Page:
On 12th December, 2016, I had the rare privilege to attend an International Workshop and launch of the Global Forum for Road Safety Legislators held at the prestigious Queen Elizabeth 11 Centre Westminster, London. It was a gathering of Parliamentarians from across the globe, including Parliamentarians from Nigeria, Tanzania and Egypt in addition to participants from the World Health Organization, (WHO) and Towards Zero Foundation who jointly organized the programme among others. Despite not being a legislator, or even an aspiring legislator to be, it was truly a rare privilege courtesy of my boss, Dr Boboye Oyeyemi, who conscripted me to attend
The Global Forum for Road Safety Legislators was established following the 2nd Global High Level Conference on Road Safety hosted by the Government of Brazil on 18-19 November 2015 in Brasilia. The Forum serves as an open platform to exchange best practices in road safety policies and law-making, and to encourage more countries to adopt comprehensive and effective road safety strategies consistent with the aims of the UN Decade of Action for Road safety 2011-2020 and the Global Goals for Sustainable Development.
The terms of reference includes providing a platform for legislators serving in national and regional parliaments, city, and local authorities, responsible for road safety to share priorities and exchange best practices to promote a world eventually free from road fatalities and serious injuries; encourage UN Member States to adopt comprehensive road safety strategies and laws in support of the UN Decade of Action for Road Safety, the Sustainable Development Goals (SDGs) 3.6 and 11.2, and the target to halve road traffic deaths and injuries by 2020;To encourage the development of All-Party Friends of Road Safety Groups in parliamentary bodies to promote the legislative priorities of the UN Decade of Action and the SDGs and lastly to establish a Steering Committee for the Global Forum including road safety legislators representing all major world regions (North America, South America, Europe, Middle East, Africa, Asia/Pacific), and to organize an Annual Meeting to discuss road safety legislations.
Participants expressed worry at the present state of crashes globally despite measures put in place. They noted that the launch is very important as an opportunity to bring legislators together to share common concern on cross party and nonparty lines. They noted that the task before all was to encourage implementation of policy and goals to achieve the UN goals of road traffic crash reduction, noting that solid policy and laws are required to achieve this. They called for the need to close the existing gaps, stressing that leadership is key as effective road safety laws can deliver better results such as the law on seat belt has done for the UK.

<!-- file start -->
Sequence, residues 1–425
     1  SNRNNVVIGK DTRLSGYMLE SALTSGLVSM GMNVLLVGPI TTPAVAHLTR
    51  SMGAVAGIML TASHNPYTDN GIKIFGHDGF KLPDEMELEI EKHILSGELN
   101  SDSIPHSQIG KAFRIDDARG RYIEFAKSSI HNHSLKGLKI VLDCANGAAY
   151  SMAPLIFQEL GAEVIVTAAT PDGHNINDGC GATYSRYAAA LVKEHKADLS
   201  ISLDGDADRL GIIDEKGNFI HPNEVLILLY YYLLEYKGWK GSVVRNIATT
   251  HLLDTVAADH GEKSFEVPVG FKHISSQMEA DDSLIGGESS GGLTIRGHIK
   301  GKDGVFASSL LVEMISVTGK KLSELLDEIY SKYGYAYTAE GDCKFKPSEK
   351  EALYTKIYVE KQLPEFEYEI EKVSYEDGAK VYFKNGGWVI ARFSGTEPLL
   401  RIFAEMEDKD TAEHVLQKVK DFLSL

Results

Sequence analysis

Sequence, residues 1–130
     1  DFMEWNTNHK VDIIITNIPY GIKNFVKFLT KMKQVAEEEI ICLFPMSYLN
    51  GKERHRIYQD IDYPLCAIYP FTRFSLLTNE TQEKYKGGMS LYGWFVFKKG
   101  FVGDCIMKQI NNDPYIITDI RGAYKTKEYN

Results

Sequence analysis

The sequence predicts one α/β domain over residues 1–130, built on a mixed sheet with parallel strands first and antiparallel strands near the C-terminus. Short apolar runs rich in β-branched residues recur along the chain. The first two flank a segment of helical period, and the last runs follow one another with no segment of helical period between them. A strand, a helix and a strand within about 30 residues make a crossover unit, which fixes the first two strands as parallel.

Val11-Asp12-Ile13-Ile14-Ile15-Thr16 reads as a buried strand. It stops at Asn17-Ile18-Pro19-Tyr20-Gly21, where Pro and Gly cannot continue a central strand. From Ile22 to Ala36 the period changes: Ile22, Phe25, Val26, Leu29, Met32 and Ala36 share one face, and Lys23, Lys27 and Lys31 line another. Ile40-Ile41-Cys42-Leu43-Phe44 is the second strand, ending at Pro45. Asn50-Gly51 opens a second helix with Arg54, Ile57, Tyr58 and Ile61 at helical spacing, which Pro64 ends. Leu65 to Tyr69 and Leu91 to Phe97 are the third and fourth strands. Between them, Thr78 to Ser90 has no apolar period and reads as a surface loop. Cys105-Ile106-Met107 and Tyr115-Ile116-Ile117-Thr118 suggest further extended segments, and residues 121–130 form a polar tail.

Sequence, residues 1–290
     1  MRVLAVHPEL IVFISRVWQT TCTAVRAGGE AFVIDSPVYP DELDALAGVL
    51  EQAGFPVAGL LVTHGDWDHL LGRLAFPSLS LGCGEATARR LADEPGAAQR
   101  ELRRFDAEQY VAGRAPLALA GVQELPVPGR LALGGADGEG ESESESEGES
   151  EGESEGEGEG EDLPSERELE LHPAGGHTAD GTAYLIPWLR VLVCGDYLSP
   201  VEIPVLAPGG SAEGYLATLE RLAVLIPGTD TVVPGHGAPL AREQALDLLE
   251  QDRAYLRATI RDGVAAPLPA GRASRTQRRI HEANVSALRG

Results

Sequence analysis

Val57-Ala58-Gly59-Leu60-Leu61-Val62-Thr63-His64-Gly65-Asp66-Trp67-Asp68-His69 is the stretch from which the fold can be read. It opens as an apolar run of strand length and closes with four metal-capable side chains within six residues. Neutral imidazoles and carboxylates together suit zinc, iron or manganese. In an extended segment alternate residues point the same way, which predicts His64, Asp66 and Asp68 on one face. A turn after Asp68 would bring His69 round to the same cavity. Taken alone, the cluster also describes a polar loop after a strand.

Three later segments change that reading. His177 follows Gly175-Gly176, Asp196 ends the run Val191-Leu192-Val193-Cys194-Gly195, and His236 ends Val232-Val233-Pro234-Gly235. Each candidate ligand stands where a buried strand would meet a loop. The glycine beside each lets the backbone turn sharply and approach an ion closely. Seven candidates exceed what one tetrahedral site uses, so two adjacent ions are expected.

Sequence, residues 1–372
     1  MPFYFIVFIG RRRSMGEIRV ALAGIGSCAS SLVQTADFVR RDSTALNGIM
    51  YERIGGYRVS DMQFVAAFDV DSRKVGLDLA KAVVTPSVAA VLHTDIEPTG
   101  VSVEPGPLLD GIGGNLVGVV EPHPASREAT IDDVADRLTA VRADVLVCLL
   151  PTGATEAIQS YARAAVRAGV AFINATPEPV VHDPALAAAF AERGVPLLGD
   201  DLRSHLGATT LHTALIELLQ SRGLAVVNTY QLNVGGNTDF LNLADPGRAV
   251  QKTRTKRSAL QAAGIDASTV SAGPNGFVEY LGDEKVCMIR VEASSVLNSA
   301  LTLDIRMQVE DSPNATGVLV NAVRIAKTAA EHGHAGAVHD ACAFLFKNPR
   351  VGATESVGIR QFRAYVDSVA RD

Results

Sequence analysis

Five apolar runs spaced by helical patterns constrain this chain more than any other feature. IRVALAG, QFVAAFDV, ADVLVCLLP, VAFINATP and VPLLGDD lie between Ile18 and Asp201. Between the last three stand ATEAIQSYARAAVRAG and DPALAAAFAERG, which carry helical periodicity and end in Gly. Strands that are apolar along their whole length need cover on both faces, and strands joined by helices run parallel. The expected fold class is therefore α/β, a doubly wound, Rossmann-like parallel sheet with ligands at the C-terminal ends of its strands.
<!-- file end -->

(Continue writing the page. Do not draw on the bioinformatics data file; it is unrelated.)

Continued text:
They also stressed that Road safety should be a source of unity among legislators, who must collaborate to increase the needed momentum and raise awareness. These laws are necessary in keeping with the UN 5 pillars and the need for legislative actions on areas such as vehicle, quality of roads, and trauma care. They noted the need for the safe system Approach which recognizes that 70 percent of road trauma is from people making mistakes and not risk takers.
It called for policy rebalancing in favor of safe system with political leadership being a key ingredient; need to communicate differently to politicians and the people.
PAs we slowly draw closer to the UN Decade of Action,2020 deadline, I will be interested in seeing how a stronger platform can be built among politicians and Parliamentarians not just at the National levels but how state Parliamentarians can be brought to play crucial roles especially in view of the Corps concerted effort to encourage states to establish road traffic management agency.I will no doubt be interested in progress made on the National Road Safety Strategy which remains the antidote to all that has been missing in the country drive to cut down crashes. Every time I recall the progress made thus far, my mind flashes to series of discussions I had with my then supervising officer, Babagana Ibrahim, Deputy Corps Marshal rtd, when we both worked at the Zonal headquarters in Kaduna in 2008.Whenever we discussed progress made since 1988, we unanimously concurred that the absence of a policy document that spells out specific roles for agencies, and groups driven by government is all that is needed.
2017 according to my boss is the year for speed limiter enforcement. In 2016, the campaign took off with awareness and subtle enforcement with February 2017 set as the deadline for full enforcement. I will keep you updated with progress in the Zone, comprising Rivers, Cross Rivers,Akwa Ibom and Bayelsa States in addition to events across the country as my boss makes known. One of my greatest desires has been to serialize the revised Highway Code hoping that it will add to a freshness of the column and hopefully raise a higher level of safety awareness necessary to support the drive to bring down road traffic crashes in the country. I do hope my editors will give me the needed support to do this.
While all these efforts will form the core of my road map for 2017, I will endeavor also to rehash salient issues that are worrisome risk factors such as non use of seat belt by rear seat occupants. As at date despite successes recorded in the compulsory use of seat belt, we are yet to commence enforcement on seat belt usage by rear seat occupants.